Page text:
Retinal detachment is an eye condition where the retina at the rear of the part eye pulls out from its normal position. When the retina is detached from its normal position, its separated from the blood vessels that provide it oxygen and nourishment. Generally, the longer the retina is detached, the greater the risk of permanent vision loss is in the affected eye.
Retinal detachment can be early identified by symptoms such as the abrupt appearance of floaters, flashes, and reduced vision. Visiting an eye specialist early on can help save your vision.
Signs and symptoms
Retinal detachment causes no pain, but the early symptoms almost always appear immediately or when it worsens, these symptoms are:
- At first, sudden appearance of floaters around your field of vision
- Flashes of light in one or both eyes
- Blurred vision
- Gradual decrease of peripheral vision
- Lastly, the appearance of a curtain-like shadow in your vision
Seek immediate medical attention if you experience the symptoms of retinal detachment. Retinal detachment is a medical emergency in which you can permanently lose your vision if left untreated. Your risk of developing retinal detachment becomes higher with these factors:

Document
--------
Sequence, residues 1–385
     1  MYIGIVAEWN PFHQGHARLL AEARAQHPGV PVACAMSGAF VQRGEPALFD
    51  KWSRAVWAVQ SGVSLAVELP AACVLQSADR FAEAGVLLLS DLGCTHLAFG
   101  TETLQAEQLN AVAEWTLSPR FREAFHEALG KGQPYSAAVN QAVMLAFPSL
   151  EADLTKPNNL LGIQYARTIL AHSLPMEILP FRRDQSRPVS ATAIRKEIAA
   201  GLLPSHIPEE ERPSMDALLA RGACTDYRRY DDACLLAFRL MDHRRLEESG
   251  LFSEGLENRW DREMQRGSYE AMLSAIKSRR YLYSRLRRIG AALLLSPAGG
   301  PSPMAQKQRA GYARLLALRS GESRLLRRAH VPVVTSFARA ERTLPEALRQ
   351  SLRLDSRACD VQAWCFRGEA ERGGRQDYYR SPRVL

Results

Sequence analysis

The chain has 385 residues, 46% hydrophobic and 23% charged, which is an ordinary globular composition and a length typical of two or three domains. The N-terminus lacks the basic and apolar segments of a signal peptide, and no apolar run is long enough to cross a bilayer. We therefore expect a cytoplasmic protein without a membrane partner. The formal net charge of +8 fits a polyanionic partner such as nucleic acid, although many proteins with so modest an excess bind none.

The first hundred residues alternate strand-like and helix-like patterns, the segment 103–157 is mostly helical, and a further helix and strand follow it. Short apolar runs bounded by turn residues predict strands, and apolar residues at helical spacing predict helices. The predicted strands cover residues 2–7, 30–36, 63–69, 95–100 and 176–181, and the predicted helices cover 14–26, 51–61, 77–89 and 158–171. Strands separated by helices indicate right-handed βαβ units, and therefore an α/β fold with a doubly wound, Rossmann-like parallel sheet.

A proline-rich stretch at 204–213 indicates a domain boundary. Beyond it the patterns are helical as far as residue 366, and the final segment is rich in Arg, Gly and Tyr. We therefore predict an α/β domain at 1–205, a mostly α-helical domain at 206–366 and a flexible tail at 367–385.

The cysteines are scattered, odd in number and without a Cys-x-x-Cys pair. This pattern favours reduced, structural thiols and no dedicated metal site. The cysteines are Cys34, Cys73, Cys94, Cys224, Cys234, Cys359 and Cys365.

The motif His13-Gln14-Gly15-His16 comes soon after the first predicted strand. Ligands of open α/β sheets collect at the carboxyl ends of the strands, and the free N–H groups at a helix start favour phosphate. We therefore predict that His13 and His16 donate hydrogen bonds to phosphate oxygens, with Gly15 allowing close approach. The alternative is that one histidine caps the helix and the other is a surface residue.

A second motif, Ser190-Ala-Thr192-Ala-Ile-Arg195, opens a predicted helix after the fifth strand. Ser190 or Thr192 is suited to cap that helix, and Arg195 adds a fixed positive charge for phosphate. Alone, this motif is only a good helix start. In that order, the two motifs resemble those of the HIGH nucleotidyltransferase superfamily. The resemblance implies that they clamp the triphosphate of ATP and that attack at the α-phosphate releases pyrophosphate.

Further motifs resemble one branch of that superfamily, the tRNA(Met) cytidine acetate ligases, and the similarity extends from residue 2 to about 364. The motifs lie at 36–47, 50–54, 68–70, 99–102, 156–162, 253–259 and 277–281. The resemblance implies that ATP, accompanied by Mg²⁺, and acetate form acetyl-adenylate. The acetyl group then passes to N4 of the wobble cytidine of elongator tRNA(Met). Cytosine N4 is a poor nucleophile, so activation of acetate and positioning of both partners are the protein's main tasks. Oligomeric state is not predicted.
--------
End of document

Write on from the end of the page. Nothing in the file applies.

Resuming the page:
- Your age is older than fifty
- You or a family member has had a detached retina before in their life
- You are extremely nearsighted
What are the causes of retinal detachment?
Retinal detachment can be due to the following:
- Advanced diabetes
- Eye injury
- A sagging vitreous
Retinal detachment can occur when vitreous leaks through a retinal hole or tear and collects beneath the retina.
Aging or retinal disorders can cause the retina to turn thin. This contributes to the risk of retinal detachment as it is due to the collapse of the vitreous and builds up under the retina with may create a tear.
Fluid within the vitreous passes through the tear and starts collecting under the retina which peels it from the core tissues.